What you need to know from the APM Property Investment Seminar 15 November 2018

Posted by Auckland Property Management Ltd on November 28, 2018 | Company News, News, Property Investment Seminar, Property Management

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It’s an interesting time for the property investment industry currently with many legislative changes in effect, and more proposed changes on the way.

In case you missed our APM Property Investment Seminar on 15 November 2018, where we discussed updates on property investment, have a read of the key points from each speaker below.

Toni Heath, Business Development Manager, Auckland Property Management

Toni discussed the Government’s new proposals and regulations, and the impacts they will have on landlords. Public submissions on these proposals closed for submission in late October of this year. There are eight proposed amendments to the Residential Tenancies act 1986 and five proposed standards for the Healthy Home Guarantees Act 2017.

Key take aways:

  • We expect to hear back from the Government in the New Year on the outcomes of the proposals.
  • There may be impending changes due to the proposals on heating requirements, insulation, ventilation, moisture control, and draught control that landlords will need to comply with.
  • MBIE have a compliance and investigation team who will most likely be contacting property management companies come July 2019 to check compliance to the Healthy Homes Bill – they may likely contact tenants too.
  • Tenants also have the right to inspect the homes to see if they are compliant, they can also check with third party professionals.

Lloyd Kirby, Partner, RSM New Zealand

Lloyd discussed property investment from an accounting perspective and outlined the different business structures needed for investments from Partnerships, to Company and Trusts, as well as discussed upcoming changes that could affect how landlords can claim against their properties.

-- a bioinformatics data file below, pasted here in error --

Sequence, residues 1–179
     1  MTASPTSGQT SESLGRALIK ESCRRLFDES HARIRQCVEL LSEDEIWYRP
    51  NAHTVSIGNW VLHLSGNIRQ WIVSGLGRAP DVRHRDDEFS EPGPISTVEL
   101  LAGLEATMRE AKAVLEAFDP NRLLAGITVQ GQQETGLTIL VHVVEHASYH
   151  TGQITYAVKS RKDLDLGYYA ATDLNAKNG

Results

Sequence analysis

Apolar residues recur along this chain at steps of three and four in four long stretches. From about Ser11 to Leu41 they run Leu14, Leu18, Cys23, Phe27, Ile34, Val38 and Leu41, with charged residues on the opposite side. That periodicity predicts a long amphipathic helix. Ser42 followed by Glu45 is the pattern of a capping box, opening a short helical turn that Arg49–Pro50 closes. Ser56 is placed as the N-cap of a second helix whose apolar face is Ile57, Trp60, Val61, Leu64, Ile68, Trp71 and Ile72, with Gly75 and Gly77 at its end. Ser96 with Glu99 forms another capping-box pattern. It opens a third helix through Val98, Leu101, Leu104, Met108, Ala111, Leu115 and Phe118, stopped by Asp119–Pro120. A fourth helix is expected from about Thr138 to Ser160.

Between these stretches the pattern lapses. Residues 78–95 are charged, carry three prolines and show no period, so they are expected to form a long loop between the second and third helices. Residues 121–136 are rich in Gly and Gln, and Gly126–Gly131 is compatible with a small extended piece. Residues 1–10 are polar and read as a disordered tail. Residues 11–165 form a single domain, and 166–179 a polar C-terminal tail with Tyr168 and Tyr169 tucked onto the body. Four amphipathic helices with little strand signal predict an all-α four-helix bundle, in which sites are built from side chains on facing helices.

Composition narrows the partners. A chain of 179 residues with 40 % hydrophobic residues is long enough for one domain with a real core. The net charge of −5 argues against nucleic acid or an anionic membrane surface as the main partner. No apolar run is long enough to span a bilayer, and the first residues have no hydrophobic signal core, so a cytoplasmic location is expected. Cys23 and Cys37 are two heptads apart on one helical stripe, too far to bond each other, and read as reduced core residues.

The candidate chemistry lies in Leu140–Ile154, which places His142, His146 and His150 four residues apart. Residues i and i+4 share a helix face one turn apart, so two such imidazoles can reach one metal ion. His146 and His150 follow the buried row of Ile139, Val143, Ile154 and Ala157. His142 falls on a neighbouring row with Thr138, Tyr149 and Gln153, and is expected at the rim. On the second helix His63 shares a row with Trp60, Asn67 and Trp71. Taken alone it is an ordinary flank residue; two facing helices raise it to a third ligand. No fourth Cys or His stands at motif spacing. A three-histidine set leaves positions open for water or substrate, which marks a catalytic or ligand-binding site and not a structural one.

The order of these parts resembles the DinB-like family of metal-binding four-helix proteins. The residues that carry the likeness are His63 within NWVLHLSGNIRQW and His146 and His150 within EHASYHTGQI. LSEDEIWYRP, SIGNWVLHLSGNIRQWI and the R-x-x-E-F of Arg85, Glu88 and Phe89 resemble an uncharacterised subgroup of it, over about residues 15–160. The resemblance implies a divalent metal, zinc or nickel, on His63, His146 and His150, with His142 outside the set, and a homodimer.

Key take aways:

  • Trust accounts are going to be more common with the proposal of the capital gains tax.
  • Make sure you account for the difference between Repairs and Maintenance of a property. Replace like with like e.g. tin roof with tin roof, anything under $500.00 can be claimed against the property.
  • Make sure you can account for your travel, keep a log book if needed – you can claim mileage for 76c for first 14,000 km then it’s tiered.
  • If you buy a property, then decide to use it as a holiday home, make sure you are aware of the rules as holiday homes and baches are subject to mixed rules.
  • Five year rule and bright line test – 2 year rule if purchased between 1.10.15 and 28.3.18, and 5 year rule if purchased on/after 29.3.18.
  • Proposed rental loss laws commence in the 2019/2020 income year (rental losses will no longer be able to offset against other income). Only applicable to residential.

Linley Hawkes, Associate, Davenports Harbour Lawyers

When buying an investment property it’s best practice to do your due diligence. Linley highlighted the importance of consulting with legal advisors, and that you should know the difference between conditional and unconditional contracts.

Key take aways:

  • Make sure you conduct due diligence investigations, anything from getting financial approval, to the building report, looking at the Body Corporate meeting minutes, and Council property files.
  • Know the different purchasing structures – Partnerships, Company, Trust, and Individuals.
  • Make sure you have a tenancy agreement in writing, that a bond has/will be lodged, and that if there is a change in landlord that all affected parties are notified.
  • Landlords should seek assistance from property management companies to help comply with legislation.

Steven Garland, General Manager Body Corporate, Auckland Property Management

Steven discussed what to look for when you are buying into a Body Corporate. There are two types of Body Corporates – those who exist and those that do not. Those that do not exist are Body Corporates that are in development where there are only plans. According to Steve, these are far more risky to invest in compared to existing Body Corporates where there are people currently living, there is an active committee, and you can visit the building.

Key take aways:

  • Speak to your advisors when purchasing a property in a Body Corporate.
  • Find out the Body Corporate Manager for the building you are looking to purchase in and ask them to discuss the Body Corporate with you.
  • Get at least 5-10 years committee minutes and look at the financial statements – this is where you can see if there are any issues going on in the Body Corporate.
  • Think of all the common areas you will have shared access to e.g. footpaths, lifts, corridors, – do you know how they are managed?

If you have any questions relating to the topics outlined above then please email Toni Heath on [email protected].

APM will be holding more events like this in 2019. If there are specific topics you would like to hear about then we would love to hear from you. Email Lana on [email protected] with your suggestions.